I would have blogged about this earlier in the week but it took half a bottle of cheap, crummy rosé to get the creative juices flowing. Luckily, even crummy rosé has a 12% ABV.
My Dad arrived late Thursday evening (March 24) after a busy business trip to Jo’burg. Instead of hanging around campus, I thought that a brief tour of Ghana would be more interesting. Cape Coast and Kakum National Park beckoned. Since we were pressed for time, my suggestion of renting a car made the most sense. We felt compelled to rent a driver too as neither of us had too much a clue as to exactly where we needed to go and a large hold on the parental credit card to cover damage was dissuading.
Our first stop was Cape Coast Castle. While this was my second visit, it was neat to hear some things I had missed such as that the dungeon floor we tread upon was compressed dirt and other unmentionables from the slave trade era, only having been excavated in one section of the dungeon. I also saw President Obama’s plague again. It made me happy as President Obama is very popular in Ghana as it was his first stop on his first trip to Africa, even before the donor darling Kenya. There is even a Hotel Obama, complete with a Michelle Obama room, a stone’s throw from the University. After the sobering tour, we perused the exhibits explaining the castle structure, complete with photographs outlining its many uses. The Castle Restaurant called and we sat down for cold beers at a table that faced the ocean. After taking in endless views of the large waves smashing against the rocks and their counterparts the sand, we hopped into the car for the final leg of the day.
We arrived at Kakum at around 5:30 when it was almost dark and under an ominous sky. Immediately, we were told that the park was closed but our driver mentioned we had a reservation to spend the night and we were let in. Earlier in the week, I had called and made a reservation for the Rainforest Hilltop Campsite. I was told that everything we needed would be provided including mattresses and bedding. I forgot to inquire the cost but it was printed in the Bradt Guide as 10 GHC. At the park headquarters, we were introduced to the woman in charge of tourism. She said that it was 50 GHC per person per night as it included guide fees. Guides were mandatory. When we came up short twelve Cedis, right in front of the hired car and driver of course, the kindly tourist lady gave us a twelve Cedis discount so that we could experience the canopy walkway the next morning.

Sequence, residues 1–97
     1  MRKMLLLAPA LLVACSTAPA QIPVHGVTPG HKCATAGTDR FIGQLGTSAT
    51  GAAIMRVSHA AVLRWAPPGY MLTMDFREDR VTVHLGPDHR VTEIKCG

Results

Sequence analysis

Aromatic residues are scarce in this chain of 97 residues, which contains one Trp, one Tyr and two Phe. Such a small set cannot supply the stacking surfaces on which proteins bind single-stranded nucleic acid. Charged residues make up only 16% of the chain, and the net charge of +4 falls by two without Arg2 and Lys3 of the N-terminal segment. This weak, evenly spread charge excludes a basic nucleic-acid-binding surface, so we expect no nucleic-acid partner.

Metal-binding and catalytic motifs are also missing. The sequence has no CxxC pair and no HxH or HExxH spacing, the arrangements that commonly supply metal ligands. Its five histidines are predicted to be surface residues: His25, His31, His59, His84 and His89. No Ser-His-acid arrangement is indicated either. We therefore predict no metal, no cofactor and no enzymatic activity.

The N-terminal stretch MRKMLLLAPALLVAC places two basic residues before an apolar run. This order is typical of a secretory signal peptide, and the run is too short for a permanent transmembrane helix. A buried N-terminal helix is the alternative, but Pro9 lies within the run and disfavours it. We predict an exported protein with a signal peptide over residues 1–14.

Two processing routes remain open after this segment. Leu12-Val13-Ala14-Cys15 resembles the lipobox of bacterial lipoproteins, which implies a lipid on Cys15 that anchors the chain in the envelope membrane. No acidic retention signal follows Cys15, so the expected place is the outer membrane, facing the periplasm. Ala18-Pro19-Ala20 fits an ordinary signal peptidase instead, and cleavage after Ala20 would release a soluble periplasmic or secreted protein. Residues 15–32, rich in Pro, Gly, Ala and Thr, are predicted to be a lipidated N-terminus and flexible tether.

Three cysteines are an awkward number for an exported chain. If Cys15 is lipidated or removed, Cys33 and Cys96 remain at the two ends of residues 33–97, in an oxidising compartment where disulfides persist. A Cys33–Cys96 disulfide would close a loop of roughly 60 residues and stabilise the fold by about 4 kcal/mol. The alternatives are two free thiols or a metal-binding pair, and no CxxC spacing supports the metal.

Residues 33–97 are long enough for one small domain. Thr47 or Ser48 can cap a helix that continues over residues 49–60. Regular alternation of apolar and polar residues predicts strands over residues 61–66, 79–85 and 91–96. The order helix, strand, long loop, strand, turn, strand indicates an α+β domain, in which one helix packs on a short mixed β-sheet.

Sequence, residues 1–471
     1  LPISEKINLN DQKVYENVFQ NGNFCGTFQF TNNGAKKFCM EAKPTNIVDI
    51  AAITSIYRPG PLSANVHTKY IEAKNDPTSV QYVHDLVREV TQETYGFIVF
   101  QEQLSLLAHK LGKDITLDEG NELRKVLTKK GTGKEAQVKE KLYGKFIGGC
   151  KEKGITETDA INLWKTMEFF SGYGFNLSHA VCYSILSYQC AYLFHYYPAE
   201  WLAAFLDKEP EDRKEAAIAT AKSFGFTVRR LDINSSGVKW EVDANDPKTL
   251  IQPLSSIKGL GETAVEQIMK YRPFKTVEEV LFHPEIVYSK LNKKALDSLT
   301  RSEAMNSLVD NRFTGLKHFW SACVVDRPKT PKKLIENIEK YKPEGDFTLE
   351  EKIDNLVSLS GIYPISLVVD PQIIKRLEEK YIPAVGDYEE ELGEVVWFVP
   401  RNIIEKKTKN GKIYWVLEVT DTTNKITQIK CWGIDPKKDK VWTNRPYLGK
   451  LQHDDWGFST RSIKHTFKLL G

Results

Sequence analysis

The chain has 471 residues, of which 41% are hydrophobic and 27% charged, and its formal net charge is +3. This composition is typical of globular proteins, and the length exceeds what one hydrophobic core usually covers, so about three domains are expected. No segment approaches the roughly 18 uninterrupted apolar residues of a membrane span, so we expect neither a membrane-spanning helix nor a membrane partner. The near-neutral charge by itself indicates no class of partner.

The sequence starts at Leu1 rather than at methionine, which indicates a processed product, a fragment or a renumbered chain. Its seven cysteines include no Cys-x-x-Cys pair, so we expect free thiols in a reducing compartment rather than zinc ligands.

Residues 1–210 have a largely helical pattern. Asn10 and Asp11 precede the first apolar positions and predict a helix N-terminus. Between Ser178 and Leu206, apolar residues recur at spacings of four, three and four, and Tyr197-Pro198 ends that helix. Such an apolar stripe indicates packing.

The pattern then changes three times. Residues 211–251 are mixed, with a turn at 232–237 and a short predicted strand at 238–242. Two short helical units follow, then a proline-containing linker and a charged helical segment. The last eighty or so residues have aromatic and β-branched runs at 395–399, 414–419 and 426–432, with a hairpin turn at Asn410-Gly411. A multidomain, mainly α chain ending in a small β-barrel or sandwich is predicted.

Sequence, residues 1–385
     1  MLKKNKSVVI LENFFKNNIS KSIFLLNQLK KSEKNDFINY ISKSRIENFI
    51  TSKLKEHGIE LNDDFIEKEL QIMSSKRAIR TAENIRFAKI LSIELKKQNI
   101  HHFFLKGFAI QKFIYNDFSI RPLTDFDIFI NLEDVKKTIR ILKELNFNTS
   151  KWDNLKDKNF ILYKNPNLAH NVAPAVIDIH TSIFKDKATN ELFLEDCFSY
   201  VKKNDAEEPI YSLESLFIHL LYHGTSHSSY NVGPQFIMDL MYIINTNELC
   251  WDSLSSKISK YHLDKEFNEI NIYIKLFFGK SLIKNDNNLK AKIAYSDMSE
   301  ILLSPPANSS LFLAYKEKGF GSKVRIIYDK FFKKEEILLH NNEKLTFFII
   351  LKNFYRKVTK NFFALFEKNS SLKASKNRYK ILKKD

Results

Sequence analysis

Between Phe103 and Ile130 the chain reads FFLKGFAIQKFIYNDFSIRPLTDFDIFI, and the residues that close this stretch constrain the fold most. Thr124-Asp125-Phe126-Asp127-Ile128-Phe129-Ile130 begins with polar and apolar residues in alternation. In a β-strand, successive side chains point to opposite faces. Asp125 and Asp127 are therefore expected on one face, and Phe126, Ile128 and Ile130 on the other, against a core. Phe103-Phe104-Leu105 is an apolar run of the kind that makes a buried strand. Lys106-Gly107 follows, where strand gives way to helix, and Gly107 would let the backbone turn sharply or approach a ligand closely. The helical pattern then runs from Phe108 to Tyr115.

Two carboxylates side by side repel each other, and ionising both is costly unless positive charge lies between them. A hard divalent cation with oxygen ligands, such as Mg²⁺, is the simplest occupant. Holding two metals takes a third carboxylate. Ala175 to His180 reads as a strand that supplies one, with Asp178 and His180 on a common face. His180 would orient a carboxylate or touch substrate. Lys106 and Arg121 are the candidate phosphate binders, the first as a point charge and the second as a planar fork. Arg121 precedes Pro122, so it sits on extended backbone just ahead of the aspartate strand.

After waiting for a couple of Peace Corps volunteers to finish their leisurely dinner, we donned flashlights and our backpacks for the trek into the woods. It was slow going and after half an hour of hiking, we stumbled to the base of a tree house. The forest immediately surrounding the park entrance is second growth so we had to hike to into the old growth forest where the trees are tall enough to support tree houses and canopy walkways. This was where we would spend the night, 35 feet above the ground in a gently rocking tree house as our reservation for the campsite was apparently void or at least the guides preferred to have all of the obrunis in one place.
After a short rest, we took a two hour hike into the jungle, looking for animals with flashlights. As our guides felt that a lack of animals would be unacceptable after two hours, the hike was extended by about 45 minutes, during most of which I plodded forward in a half sleepy daze. Therefore when an animal was finally discovered (a honey badger!), I only saw the tail vanish into the woods. We did find a turtle which apparently was unable to evade us.
I collapsed onto my double staked mattresses. Sheets were optional as there were only three for six people, Dad taking one while the female Peace Corps volunteers got the other two. Before completing blacking out, we set our alarms to 5:30a and I was even able to text my girlfriend as the 35 feet allowed for a cell phone signal.
Why 5:30a? We wanted to be the first ones out on the canopy walkway. We spent a good 45 minutes accompanied with only the guide. We saw some birds, took in the expansive view and even saw a tree move as a monkey hopped from one branch to another.
One thing one must always remember about the rainforest is how loud it is, especially at night. As we were waiting for the guides for the night walk, we were treated to the distance, intermittent sound of what vaguely reminded me of a baby crying. Other bugs and night critters made for a loud orchestra of finely tuned noise. While there were plenty of bugs, the mosquitos were scarce as a certain type of tree gave off a lavender scent that repels them.
After touring the canopy walk and eating breakfast at the Rainforest Restaurant, we turned back for Cape Coast to visit nearby Elmina Castle. I got to further examine the harbor at Elmina which houses well over a hundred fishing boats. After another delicious lunch at the Castle Restaurant, we drove back to Accra although unfortunate we missed the Boat Race due to traffic. I did however snap a photo of Ruth’s Fast Food.